In this case, the fact that there was no integrated agreement did not defeat the plaintiff’s breach of contract claim. Rather, the question was whether there was ever an intent to create a contract, writes Stephen M. Proctor of Masuda Funai.

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Court Finds That Text Message Can Form Binding Contract

Court Finds That Text Message Can Form Binding Contract

Insight
A Massachusetts court ruled that a string of text messages can constitute a writing under the Statute of Frauds sufficient to bind the parties to sell certain property, writes Matthew DeVries on Burr & Forman LLP‘s Best Practices Construction Law.

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Subcontractor’s Failure to Strictly Comply With Notice Provision Costs $200,000

Insight
When you are required to strictly comply with a particular provision or legal requirement, then any departure from that requirement (no matter how insubstantial) can void the claim or provide an absolute defense, writes Matthew DeVries of Burr & Forman LLP.

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Contractual Waiver of Subrogation Applied to Owner’s Non-Work Property

Contractual Waiver of Subrogation Applied to Owner’s Non-Work Property

Insight
Considerable litigation has arisen as to whether a waiver of subrogation provision in a construction contract applies to bar an insurer’s subrogation claim against a contractor to the extent the insurer covered damage to the owner’s “non-work” property under the owner’s existing property policy, writes Robert Barrack of Robinson Cole.

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Foley Expands Construction Litigation Practice With Miami Trial Lawyer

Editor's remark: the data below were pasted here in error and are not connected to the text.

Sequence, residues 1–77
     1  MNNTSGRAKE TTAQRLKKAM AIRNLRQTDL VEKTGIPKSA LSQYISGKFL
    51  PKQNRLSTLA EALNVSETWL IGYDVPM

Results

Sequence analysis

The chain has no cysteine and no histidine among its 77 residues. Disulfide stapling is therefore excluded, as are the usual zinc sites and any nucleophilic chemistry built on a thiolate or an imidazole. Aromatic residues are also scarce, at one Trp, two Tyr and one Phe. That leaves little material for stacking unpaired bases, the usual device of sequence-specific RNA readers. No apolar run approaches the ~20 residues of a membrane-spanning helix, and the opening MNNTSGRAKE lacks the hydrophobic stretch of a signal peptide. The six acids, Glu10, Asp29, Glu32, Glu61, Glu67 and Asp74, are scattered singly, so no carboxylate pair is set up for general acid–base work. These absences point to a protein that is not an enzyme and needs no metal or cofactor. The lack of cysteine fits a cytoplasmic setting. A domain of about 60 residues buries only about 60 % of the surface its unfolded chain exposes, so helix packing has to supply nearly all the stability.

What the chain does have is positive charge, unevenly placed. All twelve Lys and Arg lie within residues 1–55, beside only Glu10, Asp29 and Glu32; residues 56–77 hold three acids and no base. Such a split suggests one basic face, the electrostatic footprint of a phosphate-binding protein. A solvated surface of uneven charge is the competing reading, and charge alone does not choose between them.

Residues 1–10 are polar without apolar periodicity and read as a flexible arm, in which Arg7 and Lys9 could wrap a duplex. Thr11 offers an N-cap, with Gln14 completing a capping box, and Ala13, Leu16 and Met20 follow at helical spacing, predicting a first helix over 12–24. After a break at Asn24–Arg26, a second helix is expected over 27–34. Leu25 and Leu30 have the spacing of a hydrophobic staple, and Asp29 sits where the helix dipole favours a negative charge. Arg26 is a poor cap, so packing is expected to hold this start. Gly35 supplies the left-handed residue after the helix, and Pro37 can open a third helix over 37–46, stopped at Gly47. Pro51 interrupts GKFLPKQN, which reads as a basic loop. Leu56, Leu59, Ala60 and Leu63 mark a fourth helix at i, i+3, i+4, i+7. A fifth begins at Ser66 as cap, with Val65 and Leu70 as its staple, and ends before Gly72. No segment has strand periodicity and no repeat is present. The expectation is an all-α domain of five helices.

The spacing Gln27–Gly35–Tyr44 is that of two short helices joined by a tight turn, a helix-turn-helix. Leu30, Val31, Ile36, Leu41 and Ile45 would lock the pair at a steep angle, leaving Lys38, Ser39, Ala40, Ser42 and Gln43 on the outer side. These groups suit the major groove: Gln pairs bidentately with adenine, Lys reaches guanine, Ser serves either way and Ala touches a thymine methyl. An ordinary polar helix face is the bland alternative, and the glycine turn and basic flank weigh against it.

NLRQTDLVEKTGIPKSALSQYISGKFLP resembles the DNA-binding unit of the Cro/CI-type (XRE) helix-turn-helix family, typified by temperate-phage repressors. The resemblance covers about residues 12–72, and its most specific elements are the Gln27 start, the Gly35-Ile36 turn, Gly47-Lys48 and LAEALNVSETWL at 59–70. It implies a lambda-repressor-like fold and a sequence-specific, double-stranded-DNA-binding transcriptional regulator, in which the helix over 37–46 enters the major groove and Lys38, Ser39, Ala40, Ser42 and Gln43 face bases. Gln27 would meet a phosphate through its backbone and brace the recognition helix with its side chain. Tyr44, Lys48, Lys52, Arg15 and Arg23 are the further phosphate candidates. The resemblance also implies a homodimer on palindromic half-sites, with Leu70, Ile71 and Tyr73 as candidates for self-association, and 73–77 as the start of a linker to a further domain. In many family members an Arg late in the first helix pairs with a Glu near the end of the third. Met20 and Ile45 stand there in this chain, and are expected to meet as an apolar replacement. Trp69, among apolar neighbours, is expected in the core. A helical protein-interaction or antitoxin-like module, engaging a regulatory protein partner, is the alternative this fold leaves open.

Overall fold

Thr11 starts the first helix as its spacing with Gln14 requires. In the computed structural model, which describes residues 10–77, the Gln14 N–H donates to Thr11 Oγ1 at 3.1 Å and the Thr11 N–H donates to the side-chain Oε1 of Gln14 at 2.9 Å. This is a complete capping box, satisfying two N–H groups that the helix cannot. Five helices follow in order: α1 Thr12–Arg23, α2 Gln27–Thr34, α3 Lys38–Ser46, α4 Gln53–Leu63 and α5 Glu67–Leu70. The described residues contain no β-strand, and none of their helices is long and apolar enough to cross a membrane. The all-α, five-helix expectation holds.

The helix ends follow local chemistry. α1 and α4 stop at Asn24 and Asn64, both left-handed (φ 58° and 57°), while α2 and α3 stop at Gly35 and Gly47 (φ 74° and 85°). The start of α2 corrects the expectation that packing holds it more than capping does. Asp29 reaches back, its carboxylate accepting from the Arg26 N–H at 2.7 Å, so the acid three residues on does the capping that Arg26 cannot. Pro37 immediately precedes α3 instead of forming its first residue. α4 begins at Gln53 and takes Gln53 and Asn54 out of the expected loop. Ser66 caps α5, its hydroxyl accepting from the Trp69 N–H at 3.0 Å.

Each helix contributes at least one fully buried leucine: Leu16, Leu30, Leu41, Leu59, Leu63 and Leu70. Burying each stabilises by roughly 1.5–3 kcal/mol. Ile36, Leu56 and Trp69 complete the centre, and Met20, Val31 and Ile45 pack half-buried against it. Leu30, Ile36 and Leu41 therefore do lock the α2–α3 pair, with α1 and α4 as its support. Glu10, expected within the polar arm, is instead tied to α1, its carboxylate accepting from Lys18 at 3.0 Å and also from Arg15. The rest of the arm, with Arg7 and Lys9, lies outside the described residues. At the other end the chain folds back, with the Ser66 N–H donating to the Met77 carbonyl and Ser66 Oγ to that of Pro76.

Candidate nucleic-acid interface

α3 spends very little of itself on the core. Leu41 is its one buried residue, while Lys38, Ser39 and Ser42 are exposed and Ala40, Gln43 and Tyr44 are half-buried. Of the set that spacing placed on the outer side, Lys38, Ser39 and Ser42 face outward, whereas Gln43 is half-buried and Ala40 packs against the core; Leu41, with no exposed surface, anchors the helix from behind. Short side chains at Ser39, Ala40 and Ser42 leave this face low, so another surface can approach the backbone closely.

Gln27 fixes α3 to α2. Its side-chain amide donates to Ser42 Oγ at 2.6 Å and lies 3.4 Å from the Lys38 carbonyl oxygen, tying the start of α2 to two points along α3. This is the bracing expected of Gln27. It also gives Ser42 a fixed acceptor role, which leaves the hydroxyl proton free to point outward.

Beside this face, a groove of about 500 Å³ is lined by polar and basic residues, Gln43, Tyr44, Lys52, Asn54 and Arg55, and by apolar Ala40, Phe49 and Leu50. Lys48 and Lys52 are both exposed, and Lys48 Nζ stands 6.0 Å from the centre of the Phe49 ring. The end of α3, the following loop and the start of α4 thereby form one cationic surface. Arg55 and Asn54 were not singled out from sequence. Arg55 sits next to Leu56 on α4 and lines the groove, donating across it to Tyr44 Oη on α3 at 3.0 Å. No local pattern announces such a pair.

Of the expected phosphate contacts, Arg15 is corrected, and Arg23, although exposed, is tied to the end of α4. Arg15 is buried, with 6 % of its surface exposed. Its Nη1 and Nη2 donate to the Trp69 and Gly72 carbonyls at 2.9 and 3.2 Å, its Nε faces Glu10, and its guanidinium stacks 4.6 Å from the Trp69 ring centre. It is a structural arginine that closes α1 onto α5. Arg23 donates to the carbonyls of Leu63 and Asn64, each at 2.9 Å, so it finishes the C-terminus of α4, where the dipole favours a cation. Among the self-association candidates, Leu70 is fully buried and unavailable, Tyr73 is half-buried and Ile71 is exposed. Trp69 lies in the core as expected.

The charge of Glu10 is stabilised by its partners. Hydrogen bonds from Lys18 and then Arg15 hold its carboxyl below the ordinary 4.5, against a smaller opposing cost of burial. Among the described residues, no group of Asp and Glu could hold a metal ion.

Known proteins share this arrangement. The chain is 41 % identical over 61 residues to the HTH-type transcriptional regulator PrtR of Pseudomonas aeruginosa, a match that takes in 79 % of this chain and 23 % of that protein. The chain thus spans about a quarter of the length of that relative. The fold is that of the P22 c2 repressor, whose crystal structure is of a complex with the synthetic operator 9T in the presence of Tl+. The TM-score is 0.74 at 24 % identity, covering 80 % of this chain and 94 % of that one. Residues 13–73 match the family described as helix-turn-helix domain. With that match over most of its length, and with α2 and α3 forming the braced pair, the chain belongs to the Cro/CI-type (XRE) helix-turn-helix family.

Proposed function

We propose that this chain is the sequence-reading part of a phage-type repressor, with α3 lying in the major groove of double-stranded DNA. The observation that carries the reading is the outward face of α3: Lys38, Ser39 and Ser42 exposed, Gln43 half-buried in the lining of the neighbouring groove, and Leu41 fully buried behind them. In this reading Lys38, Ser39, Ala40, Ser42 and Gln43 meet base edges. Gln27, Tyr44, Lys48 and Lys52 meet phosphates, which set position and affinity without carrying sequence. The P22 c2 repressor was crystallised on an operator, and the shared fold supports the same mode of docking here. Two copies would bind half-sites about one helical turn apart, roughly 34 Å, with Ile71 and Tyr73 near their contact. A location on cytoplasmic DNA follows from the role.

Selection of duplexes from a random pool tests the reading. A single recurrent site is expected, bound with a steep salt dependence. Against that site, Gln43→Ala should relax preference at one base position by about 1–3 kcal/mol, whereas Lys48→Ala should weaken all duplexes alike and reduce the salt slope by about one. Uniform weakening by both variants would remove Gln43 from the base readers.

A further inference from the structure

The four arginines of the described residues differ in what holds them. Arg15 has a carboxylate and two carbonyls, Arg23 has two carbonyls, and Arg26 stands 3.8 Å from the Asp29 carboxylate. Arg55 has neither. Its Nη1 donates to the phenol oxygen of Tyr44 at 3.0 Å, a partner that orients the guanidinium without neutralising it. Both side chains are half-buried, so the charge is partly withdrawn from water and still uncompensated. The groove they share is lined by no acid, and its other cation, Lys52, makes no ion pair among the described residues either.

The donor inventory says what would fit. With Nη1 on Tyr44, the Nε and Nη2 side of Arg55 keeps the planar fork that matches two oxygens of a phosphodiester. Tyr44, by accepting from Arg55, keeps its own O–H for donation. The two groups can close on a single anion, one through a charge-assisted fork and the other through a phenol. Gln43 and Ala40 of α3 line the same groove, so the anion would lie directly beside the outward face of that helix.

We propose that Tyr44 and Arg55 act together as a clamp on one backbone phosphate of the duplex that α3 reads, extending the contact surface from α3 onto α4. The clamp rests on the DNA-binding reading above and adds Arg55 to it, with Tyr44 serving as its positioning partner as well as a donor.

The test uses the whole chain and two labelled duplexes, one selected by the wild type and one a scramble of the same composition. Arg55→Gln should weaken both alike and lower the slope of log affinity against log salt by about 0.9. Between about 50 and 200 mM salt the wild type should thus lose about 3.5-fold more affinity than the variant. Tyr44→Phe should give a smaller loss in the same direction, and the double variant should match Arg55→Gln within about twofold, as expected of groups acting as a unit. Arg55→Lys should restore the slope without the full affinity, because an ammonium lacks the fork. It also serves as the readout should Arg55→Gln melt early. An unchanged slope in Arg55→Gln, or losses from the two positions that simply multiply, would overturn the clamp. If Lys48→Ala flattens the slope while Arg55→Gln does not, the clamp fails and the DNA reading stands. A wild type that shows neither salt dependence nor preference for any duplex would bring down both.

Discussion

News
Ralf Rodriguez has joined Foley & Lardner LLP’s Construction Practice as of counsel in the Miami office, the firm announced.

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Contract Indemnity and Duty to Defend vs. Insurance Duty to Defend

Insight
An explicit contractual duty to defend against allegations of negligence or breach by the indemnitor may well be construed to require such a defense from the outset, even when parties are still arguing over ultimate liability, writes Stan Martin of Commonsense Construction Law LLC.

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Top 10 Questions Owners Should Ask Before Signing a Construction Contract

Top 10 Questions Owners Should Ask Before Signing a Construction Contract

Insight
Construction contracts are often such voluminous documents that it can be difficult for owners to recognize and adequately negotiate the key terms that play the largest role in how construction risk and costs are allocated, writes Mike Madigan for Kegler, Brown, Hill + Ritter.

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The Contract Isn’t Signed, a Few Issues Remain, the Work is Done; Now What?

Article
Parties who allow the schedule to control performance without resolving the paperwork could find themselves in a mess, particularly if the back-and-forth on contract terms never stops, writes Stan Martin of Commonsense Construction Law.

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Federal Circuit Clarifies ‘Accrual’ of Claims under Contract Disputes Act

Article
Timeliness is critical when submitting claims to the government, or any contracting party, for that matter—public or private, writes Brian Dobbs for Bass, Berry & Sims PLC.

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Killer Clauses in Construction Subcontracts: Allocating Risk with Subcontractor Agreements

Killer Clauses in Construction Subcontracts: Allocating Risk with Subcontractor Agreements

Article
Whether parties are considering working with a new partner or simply re-evaluating existing relationships with long time partners, the parties should consider how to best allocate the risks associated with each project, cautions Brouse McDowell.